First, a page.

QSC additionally wanted to extend the overall system functionality beyond the digital processing boxes themselves, Tschetter added, “So we’ve come up with some of the nicest, smoothest methods of pulling the amplifiers into the system and design GUI, making them an integral part rather than something that hangs off of the DSP and maybe operates on its own different network with a different user interface. We are even integrating loudspeakers more tightly into the DSP system with more than just an ability to go to a menu and recall presets.”

In order to perform these many tasks, Q-Sys had to be powerful: “Every DSP product has some kind of limitation within its processors,” Zwiebel said. “We wanted to make it so you didn’t have to think so much about the processing, just add up your I’s and O’s.”

The Q-Sys Core is the engine of the system, with processing capacity “so great, it is unlikely any realworld design will use all of it,” Tschetter related. Although I/O capacity will vary depending upon system design, the Core 1000 offers the capacity for 64 inputs x 64 outputs, the Core 3000 provides the capacity for 128 inputs x 128 outputs, and the Q-Sys Core 5000 features up to 512 inputs x 512 outputs.

To provide a framework for the power held by the Core components, Tschetter came up with a DSP-driven pun: “It’s basically like a small sea of Sharcs.” Zwiebel elaborated: “The 1000 is equal in processing power to 15 300 MHz Sharc chips, the 3000 is equal to 30. The 5000—we really don’t know the number yet, we’re still working on it. But it’s much larger.”

Members of QSC’s Q-Sys development team (from left): Rich Zwiebel, Gerry Tschetter, and Dale Sandberg. of audio. Using AES cards can deliver up to 32 channels of audio. Four slots may be fitted with a range of audio input and output cards. Q-Sys I/O Frames may be located in the same rack as the Core, or at any location in a facility that can be reached by ethernet.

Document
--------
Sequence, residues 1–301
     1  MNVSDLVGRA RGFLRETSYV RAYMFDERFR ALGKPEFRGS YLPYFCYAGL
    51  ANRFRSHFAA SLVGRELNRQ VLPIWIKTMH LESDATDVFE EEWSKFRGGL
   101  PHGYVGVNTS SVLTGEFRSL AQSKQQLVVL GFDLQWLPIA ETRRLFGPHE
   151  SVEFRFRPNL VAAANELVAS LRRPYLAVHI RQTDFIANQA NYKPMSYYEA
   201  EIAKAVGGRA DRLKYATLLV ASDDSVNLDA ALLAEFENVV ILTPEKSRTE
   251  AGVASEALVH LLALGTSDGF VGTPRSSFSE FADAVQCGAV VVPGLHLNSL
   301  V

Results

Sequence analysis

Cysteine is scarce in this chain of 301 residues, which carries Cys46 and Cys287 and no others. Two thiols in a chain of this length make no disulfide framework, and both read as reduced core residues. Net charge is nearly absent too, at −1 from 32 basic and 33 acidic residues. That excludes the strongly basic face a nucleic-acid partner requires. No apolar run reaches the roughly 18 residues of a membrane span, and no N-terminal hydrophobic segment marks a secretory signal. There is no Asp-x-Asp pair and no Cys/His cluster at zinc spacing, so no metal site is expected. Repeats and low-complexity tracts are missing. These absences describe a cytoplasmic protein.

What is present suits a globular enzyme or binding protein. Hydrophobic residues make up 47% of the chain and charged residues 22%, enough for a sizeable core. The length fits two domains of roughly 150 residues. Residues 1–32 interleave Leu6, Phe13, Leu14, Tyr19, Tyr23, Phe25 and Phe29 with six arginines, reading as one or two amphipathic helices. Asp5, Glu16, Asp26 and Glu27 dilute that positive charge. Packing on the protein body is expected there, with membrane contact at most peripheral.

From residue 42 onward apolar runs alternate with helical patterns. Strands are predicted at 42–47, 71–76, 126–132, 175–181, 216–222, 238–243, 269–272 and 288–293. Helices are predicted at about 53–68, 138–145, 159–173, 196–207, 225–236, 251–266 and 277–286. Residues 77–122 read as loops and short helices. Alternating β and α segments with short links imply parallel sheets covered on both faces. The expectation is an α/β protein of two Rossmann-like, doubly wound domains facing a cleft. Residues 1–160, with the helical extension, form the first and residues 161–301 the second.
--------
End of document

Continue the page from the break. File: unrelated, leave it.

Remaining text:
All Q-Sys products are connected via a standard Gigabit ethernet network. “The network will carry 512 bidirectional channels,” Zwiebel reported. “Our latency from analog input to analog output, including network delay, D to A, processing, and A to D, is 2.5 milliseconds.”

Q-Sys beta installations began in late March, and the new system will be demonstrated at InfoComm, with training to begin immediately after the show. Initial reactions to Zwiebel’s field demonstrations of Q-Sys have been positive. “A lot of times when you come up with a new product in this category, you have a lot of skepticism,” Tschetter observed. “But with Q-Sys we’re getting people who are saying ‘get me one, I need it now’.”

Already, dealer feedback has produced ideas for peripherals and additional software functionality. “Launching the product is just the start,” Tschetter added. “The capabilities of the system are going to expand considerably as time goes by.”

Kirsten Nelson is a freelance content producer who translates the expertise and passion of technologists into the vernacular of an audience curious about their creations. Nelson has written about audio and video technology in all its permutations for almost 20 years; she was the editor of SCN for 17 years. Her experience in the commercial AV and acoustics design and integration market has also led her to develop presentation programs and events for AVIXA and SCN, deliver keynote speeches, and moderate and participate in panel discussions. In addition to technology, she also writes about motorcycles—she is a MotoGP super fan.